- We never suppress emotions.
- I have a hobby, quest, or passion that I participate in regularly.
- We allow for mindful moments in our day.
- Winning isn’t as important as playing hard.
- We let the coaches do the coaching and just say “good game” to our sporty kids.
If you answered mostly true, you and your family are on the path to a well-balanced spiritual and social life.
If you are 50/50 in this section, look for patterns in your answers. Being more mindful of the different potential sources of conflict between work and family life, including time, demands, physical wellness and mindset, can help you to start to be more conscious of the patterns you tend to fall into. You may already be into meditation but maybe you haven’t spent time developing social connections. You may have great kids who follow rules and succeed in school but who have not learned how to make choices, regulate emotions, or use free time effectively. Once you identify the areas that can use improvement, make it a priority to work on them.
If you answered mostly false here, you might need a lifestyle adjustment. You can boost happiness by spending time on emotional regulation and social connection, and in mindful meditation. Pick one area to develop and focus on it for a couple of months, then add another.
Overall Results and Action
Look back over your quiz results and use your answers as a guide for next steps. If you could use improvement in all areas, start prioritizing happiness today. Here are three ways to get started:
- Balance your family schedules and make sure there is room for mindfulness every day.
- Spend time in nature—for example, hike on the weekends or go for an after-dinner walk in the woods as a family.
- Find ways to laugh together. You can schedule a family game night once a week or tell funny stories at the dinner table. Ask your family to talk about one thing that made them smile or laugh today.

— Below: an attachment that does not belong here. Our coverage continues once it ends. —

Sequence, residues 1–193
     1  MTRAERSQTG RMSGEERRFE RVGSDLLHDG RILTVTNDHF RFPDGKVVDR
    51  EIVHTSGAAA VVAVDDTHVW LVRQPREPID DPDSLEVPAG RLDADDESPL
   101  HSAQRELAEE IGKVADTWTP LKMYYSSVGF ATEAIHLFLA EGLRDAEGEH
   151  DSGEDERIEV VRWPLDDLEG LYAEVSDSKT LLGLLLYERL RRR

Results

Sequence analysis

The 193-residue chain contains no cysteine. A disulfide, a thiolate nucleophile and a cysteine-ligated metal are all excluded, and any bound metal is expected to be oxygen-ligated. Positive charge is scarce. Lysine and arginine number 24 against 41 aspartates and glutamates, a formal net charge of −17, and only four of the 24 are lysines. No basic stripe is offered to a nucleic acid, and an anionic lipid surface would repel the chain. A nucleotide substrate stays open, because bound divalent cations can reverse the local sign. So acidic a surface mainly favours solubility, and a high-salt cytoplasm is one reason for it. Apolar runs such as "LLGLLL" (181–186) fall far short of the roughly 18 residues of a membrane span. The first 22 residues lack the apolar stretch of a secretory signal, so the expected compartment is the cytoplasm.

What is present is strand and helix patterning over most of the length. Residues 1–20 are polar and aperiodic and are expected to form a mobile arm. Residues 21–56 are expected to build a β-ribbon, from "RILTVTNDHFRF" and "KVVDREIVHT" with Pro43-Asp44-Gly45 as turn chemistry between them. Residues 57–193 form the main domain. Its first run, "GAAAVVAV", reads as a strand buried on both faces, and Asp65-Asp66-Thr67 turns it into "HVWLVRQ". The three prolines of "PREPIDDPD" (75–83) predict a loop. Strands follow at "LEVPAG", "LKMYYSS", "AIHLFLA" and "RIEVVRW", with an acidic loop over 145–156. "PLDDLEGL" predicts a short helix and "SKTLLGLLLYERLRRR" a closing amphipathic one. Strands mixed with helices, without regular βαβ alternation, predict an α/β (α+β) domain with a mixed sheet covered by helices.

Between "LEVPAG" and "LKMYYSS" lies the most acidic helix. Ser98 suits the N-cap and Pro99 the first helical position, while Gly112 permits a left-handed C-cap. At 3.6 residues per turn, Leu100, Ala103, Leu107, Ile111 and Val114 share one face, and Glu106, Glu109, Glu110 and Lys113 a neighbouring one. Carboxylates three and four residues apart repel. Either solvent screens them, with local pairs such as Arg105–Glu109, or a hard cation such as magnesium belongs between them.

If you are 50/50 across all three sections, tip the scales in the right direction with a gratitude practice. Have each person at the dinner table talk about his or her favorite moment from the day, and say one thing they are thankful for. In helping your kids, your spouse, and yourself to recognize the things you have in your lives that elicit thanks, you strengthen the neural pathways to gratitude. It becomes easier to recognize even more things you have in your lives to be grateful for. This practice also helps build connections in the family, and connecting with others is a key source of happiness. Part of that is feeling supported and supporting others.
If you answered mostly true in all three sections, you’re on track for family happiness. Great work. Be sure to check in with your family regularly to make sure the balance remains. And even if you do have all the qualities of a happy family, it takes work to keep it that way. Make sure the lines of communication stay open and that you always make time for each other.
The goal should be to maintain alignment between what you value, the actions you take, and how you spend your time. It can be a difference between how happy you feel and how satisfied you are with your life overall.
If you’d like to explore things further, check out University of Pennsylvania’s Authentic Happiness Questionnaire. It’s available online and everyone in the family can complete it. When you see what values family members share, you can increase your well-being for the entire family by participating in activities that support your core values.